What do you like to read in Hausa?


New audio files at Muryar Jamus

At the website of Muryar Jamus, there are some new audio files which you may find interesting:


In order to play these files, you need the Real Player.

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Hausa blogs

I have come across some new Hausa blogs:

  • Bahaushe Mai Ban Haushi! (Ibrahim Sheme on himself, Hausa culture and the World)
  • Ma’auni (Wannan shafin hatsin bara ne. Ya kunshi nazarce-nazarce, makaloli, ra’ayoyi, da sauransu a kan al’amura daban-daban, kama daga siyasa, tattalin arziki, zamantakewa, al’ada, har ma da addini.)
  • Nishad’in Hululu (Hausa Popular Culture): This blog is about Hausa (Nigeria) popular culture, particularly literature, film, music and visual arts.
  • Sha’irai (Hausa Poets)

Dear Hausa bloggers: Allah ya ba da sa’a!

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Bukin ranar Ruwa

Dealing with limited water resources is a daily problem for people in Africa, including the Hausa people.

Yesterday was World Water Day, which is celebrated each year on 22 March. This year, the theme was ’Coping with Water Scarcity’.

On the website of Muryar Jamus, you can read an article about “Bukin ranar ruwa“.

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Goethe’s poems in Hausa

Johann Wolfgang von Goethe — one of Germany’s best-known poets — was born in Frankfurt am Main on Aug. 28, 1749. Goethe’s “West-östlicher Divan“, a collection of lyrical poems, was inspired by the Persian mystic and poet Hafez.

Herrmann Jungraithmayr, a retired professor of African languages at Frankfurt’s Goethe-University, and his collaborator Yahaya Ahmed have produced Waƙoƙin Goethe , which is the first translation of some of these poems into Hausa.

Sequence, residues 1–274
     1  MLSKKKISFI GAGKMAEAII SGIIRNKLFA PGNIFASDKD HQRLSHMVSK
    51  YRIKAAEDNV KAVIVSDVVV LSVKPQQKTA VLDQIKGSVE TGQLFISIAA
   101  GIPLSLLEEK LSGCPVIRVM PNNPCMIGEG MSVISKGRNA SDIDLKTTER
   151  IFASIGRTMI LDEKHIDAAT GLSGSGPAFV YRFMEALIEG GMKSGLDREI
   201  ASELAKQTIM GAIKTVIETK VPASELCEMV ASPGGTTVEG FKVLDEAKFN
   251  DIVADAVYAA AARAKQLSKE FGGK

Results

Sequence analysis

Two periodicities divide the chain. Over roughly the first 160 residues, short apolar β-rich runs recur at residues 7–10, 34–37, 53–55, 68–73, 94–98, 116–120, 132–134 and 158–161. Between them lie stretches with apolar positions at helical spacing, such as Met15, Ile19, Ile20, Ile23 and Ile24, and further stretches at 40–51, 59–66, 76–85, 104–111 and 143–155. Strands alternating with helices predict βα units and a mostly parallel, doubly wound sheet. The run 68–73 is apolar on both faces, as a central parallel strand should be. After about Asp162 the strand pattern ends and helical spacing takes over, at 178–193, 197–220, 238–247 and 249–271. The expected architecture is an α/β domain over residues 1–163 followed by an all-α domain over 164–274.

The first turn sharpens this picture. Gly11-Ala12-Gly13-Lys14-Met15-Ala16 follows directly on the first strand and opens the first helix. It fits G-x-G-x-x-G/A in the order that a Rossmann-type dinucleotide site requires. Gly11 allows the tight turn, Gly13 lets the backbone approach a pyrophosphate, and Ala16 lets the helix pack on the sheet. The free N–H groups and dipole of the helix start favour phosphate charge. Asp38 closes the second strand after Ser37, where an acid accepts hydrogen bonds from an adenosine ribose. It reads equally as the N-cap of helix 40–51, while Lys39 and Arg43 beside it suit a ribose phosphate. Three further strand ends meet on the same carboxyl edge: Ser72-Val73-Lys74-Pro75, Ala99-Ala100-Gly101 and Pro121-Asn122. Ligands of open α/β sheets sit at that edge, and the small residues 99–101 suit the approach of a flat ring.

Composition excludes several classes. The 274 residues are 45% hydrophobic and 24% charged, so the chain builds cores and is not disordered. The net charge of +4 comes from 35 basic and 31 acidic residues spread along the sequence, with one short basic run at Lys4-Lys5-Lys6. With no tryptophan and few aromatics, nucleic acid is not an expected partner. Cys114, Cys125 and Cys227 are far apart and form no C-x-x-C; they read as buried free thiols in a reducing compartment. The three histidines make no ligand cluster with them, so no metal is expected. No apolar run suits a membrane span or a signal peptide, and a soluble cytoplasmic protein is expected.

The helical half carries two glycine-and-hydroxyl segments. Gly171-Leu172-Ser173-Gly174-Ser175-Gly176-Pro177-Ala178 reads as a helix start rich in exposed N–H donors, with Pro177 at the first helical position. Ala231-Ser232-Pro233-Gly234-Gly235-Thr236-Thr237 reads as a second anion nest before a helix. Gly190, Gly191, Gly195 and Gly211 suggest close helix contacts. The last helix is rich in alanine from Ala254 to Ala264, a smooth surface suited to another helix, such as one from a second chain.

In their introduction to the book the editors give details about the history of the poems, the importance of Hausa as a vernacular and a literary language and the translation process. This is followed by 20 poems, which are presented in German and Hausa side by side. At the end of the book, they present another poem, which they have composed themselves.

The book can be purchased at Rüdiger Köppe Verlag.

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Interesting audio files at Muryar Jamus

At the website of Muryar Jamus, under the rubric Duniyar D’an Adam, there are two new audio files which you may find interesting:

In order to play these files, you need the Real Player.


More African language materials for download

From time to time I come across websites which offer dictionaries, reference grammars and other materials in African languages for (free) download. Here are my latest finds:

  • Jennifer’s Page of Links: African languages
  • A web of online grammars
  • Harald Hammarström’s collection of stolen .pdf reference grammars. Harald Hammarström wrote this: “I put these grammars here for people who don’t have access to a well-stacked library or good personal connections yet want to learn more about the languages of the world.”

If you know about other places where one can find more such things I would be grateful to read about it. Write a comment